Department store Dillard's
Sales for the first quarter were basically flat at $1.84 billion, versus the $1.8 billion reported in 2005. Net income rose an impressive 67% to $0.77 per diluted share, well ahead of consensus estimates of $0.56. Same-store sales were up 2%, inventories fell, and the gross margin improved 70 basis points sequentially because of a higher-margin merchandise mix.
Over the last five years, sales growth at Dillard's has been weak, averaging a negative 3%, while earnings have grown just less than 7%. The debt-to-capital ratio is reasonable at 32%, but net margins are quite low, averaging a paltry 1.1% over the last five years, and have decreased along with comparable sales. This has contributed to a meager average 3.8% return on equity and a scant 1.7% return on capital.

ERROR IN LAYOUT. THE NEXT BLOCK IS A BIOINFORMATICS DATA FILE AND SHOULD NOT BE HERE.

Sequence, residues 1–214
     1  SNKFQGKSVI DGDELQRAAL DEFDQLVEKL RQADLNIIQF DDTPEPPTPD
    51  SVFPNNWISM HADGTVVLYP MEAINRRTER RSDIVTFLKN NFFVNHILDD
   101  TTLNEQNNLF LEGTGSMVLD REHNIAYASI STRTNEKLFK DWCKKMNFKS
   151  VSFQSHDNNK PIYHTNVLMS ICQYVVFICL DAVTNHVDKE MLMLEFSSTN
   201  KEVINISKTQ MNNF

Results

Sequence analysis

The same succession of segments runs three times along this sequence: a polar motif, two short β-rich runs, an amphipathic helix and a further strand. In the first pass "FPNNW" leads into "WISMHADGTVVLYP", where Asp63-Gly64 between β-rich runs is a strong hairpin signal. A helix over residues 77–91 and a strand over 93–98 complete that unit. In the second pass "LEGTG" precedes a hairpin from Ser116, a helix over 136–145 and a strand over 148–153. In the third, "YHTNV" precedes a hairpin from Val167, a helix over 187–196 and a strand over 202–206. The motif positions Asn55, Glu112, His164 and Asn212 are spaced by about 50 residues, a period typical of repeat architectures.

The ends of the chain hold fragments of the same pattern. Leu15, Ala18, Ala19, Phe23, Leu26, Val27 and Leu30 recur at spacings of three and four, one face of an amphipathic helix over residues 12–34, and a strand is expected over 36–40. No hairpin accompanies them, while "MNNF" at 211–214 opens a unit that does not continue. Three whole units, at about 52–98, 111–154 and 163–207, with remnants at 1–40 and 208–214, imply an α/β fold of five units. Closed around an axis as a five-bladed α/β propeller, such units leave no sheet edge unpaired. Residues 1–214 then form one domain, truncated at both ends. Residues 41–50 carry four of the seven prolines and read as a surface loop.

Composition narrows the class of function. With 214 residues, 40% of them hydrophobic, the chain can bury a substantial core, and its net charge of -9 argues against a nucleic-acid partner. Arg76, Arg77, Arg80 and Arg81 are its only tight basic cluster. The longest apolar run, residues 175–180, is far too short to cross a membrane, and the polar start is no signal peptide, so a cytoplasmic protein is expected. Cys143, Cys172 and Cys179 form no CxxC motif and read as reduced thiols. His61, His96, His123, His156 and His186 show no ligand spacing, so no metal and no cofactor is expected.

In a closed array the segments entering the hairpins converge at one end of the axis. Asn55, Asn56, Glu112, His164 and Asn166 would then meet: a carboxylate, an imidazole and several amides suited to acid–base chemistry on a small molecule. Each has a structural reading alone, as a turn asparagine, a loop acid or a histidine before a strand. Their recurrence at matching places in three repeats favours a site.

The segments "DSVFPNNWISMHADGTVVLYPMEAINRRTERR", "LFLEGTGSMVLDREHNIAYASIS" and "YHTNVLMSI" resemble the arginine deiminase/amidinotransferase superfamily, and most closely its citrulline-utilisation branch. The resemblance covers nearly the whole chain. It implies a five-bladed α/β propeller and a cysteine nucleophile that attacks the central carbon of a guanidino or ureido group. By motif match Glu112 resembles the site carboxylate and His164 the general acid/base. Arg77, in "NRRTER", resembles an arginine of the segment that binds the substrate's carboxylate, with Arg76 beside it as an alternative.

So what's to like? The retailer's stores throw off huge amounts of cash flow from operations, to the tune of three to four times net income over the last two fiscal years. Unfortunately, most of it goes to capital spending to remodel huge, older stores that are clearly costly to renovate, perhaps demonstrating how far Dillard's has fallen behind competitors.
In Dillard's defense, it has assembled a string of decent quarters. Things could finally be taking a turn for the better, especially if the company can continue cost-cutting moves and further enhance margins and profitability. Brokerage firms applaud its results over the last few quarters, but the lackluster track record has resulted in neutral ratings and one underperform rating. The Street believes there are more compelling opportunities in the old-line retailer space, such as the Federated/May
Dillard's could be sold to or merge with another department store, but there are few strategic suitors. J.C. Penney
Overall, it appears that investors stand a better chance of outperformance in the newer breed of mass merchandisers, such as Target